We’re returning because God has called us.
He has made it clear that is where he wants us. Clear as a bell, to both of us, separately, and together; with joy and peace about it. Even though I hate saying good-bye and love being near my family and involved in all the great groups I’m involved with, I still know this is the right thing for us.

So in mid December we will head back across the Irish Sea to live in Wales again.

One of my favourite verses comes to mind. I use it about my writing, but it’s about my whole life Lord unless you build this house, I am building it in vain.  (Psalm 127:1)

Crying with Laughter


I met a friend recently and the idea was that we would get together to write for a couple of hours. Spur each other on with a fantastic word count. Almost an hour and a half (and a pot of coffee with biscuits) later, we had done no writing. Well, we had not written anything down. We’d spent the time story telling.

We reminisced about family life, losing our mothers and the painful hilarity of grief.

There’s no doubt that for both of us, losing our mammies was hard. But the stories we shared about their last days and the time spent giving them their final farewell were full of laughter mixed with tears.

I think the release from grief that laughter brings, is a fantastic gift from God. I of course am sad that my mother is no longer around, but the couple of weeks before she died that I spent with my 7 siblings is very precious to me. So many people don’t get to say goodbye to loved ones. I feel very blessed that for two weeks I got to sit by my mother’s bedside and laugh and cry with my siblings as we watched her slowly drift away from us. 

I had the rare chance to sit alone with her, at this stage she wasn’t conscious. Quietly, I sang ( a very ropey version of)  ‘The Lord Bless You and Keep You’, the Rutter version, to her as she slept. It’s a precious moment that is, in equal measure joyful and painful.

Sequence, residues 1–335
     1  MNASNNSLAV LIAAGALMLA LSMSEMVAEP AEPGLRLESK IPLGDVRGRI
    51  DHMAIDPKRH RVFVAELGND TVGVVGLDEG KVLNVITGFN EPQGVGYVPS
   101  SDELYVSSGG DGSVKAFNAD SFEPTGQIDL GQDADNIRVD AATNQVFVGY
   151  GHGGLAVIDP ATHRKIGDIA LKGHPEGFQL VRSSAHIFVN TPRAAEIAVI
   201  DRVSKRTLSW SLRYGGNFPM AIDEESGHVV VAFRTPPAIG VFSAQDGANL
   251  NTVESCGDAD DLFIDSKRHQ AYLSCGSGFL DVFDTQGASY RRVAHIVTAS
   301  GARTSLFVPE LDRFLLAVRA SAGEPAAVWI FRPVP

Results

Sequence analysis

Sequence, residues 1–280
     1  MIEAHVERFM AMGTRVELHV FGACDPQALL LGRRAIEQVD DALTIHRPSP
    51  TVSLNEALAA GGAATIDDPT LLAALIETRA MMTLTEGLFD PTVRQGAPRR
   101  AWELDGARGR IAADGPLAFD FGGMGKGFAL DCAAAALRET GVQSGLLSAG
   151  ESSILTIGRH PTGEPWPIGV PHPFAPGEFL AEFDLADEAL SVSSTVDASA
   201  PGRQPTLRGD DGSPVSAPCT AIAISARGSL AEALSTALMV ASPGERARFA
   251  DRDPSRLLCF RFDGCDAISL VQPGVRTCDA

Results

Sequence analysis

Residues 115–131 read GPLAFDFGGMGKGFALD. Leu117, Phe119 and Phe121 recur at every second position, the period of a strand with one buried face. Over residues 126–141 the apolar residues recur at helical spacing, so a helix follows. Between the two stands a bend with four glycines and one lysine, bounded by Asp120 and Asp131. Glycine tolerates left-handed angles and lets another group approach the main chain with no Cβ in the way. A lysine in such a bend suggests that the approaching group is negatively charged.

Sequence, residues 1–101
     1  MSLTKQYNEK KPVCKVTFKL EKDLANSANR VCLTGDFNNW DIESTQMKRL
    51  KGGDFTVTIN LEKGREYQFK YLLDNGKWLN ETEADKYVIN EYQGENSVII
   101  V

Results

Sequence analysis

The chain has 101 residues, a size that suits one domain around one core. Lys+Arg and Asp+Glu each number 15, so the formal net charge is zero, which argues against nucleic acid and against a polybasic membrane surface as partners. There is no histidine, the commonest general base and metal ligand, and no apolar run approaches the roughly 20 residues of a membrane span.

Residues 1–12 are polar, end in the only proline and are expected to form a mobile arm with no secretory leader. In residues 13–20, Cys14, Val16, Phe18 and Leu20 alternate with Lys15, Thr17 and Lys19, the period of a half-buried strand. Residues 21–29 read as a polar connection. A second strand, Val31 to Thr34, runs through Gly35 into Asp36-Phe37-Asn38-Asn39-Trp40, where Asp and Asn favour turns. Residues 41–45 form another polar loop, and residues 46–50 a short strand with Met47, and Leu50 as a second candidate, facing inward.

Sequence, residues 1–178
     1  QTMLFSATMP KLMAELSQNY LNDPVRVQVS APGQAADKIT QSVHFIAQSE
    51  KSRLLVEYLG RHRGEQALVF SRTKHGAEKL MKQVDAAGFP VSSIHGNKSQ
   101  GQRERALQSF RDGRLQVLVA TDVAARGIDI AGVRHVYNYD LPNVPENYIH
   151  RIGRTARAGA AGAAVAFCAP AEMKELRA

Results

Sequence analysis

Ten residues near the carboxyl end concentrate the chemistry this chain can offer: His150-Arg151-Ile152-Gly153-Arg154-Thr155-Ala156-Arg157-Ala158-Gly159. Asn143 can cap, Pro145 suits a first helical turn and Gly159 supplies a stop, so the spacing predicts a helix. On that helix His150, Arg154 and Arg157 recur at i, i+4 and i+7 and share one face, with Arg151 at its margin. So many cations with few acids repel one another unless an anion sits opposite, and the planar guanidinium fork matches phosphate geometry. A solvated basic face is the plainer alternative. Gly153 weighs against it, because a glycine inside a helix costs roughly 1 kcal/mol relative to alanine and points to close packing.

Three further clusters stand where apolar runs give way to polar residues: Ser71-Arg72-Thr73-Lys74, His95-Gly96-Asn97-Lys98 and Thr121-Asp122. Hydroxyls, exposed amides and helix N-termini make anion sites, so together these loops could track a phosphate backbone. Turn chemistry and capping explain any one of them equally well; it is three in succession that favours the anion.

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Sunshine and Rain together 🙂

So much sadness, and yet we two friends were able to laugh and laugh as we remembered precious sad/funny times with people we love and the loss of the women who bore us.

I’m a firm believer that God has a sense of humour, I’ve looked in the mirror… 🙂
I think it’s a measure of his grace that He has allowed me to ease the pain of loss by giving me moments and memories that make me laugh, or at least smile.

They say you have to take the good with the bad, and the rough with the smooth – it’s so much easier when they come at the same time.

photo credit: josemanuelerre via photopin cc

Letter to 15 Year Old Me


On the About Aunty Amo page I added an option for people to ask me questions. A question that came back to me is ‘If you could write a letter to your 15 year old self what would you say to her?’ So here’s the answer… 🙂

Dear Amo

dispic me

Despicable Me

you won’t recognise me but I’m the older, bigger, more frightened, less stupid & probably at first glance, disappointing ‘you’ 27 years from now.

I doubt anything I say will change you – if mam couldn’t get through then no one will, but here’s a few things to keep in mind.

In about 7 years from now, you’ll have a religious conversion that will frighten the life out of a lot of people around you. It will really annoy others – YOU will really annoy others. It’ll take you a while to get the hang of it but you will.
Keep moving forward.

Those nieces and nephews you have… well they’ll keep coming. Every year, there’ll just be another one. And just when your brothers and sisters stop providing them, the grand nieces and nephews will start arriving. Based on the ones you have at the moment, that might sound like a nightmare (I mean they’re great – but you’re talking about another 30 or so…and counting), but believe me they’ll give your life meaning that you have no ability to understand right now. You’ll end up with lots of babies to hold; and you’re gonna need them.

You will not marry L, D or P. That will seem like a bad thing at the time. IT IS A GOOD THING! You will however marry R. 🙂 And he will think you’re wonderful. You will never get used to how wonderful he thinks you are. In fact you’ll go out of your way to prove him wrong. Try not to do that too much; he’s wonderful too.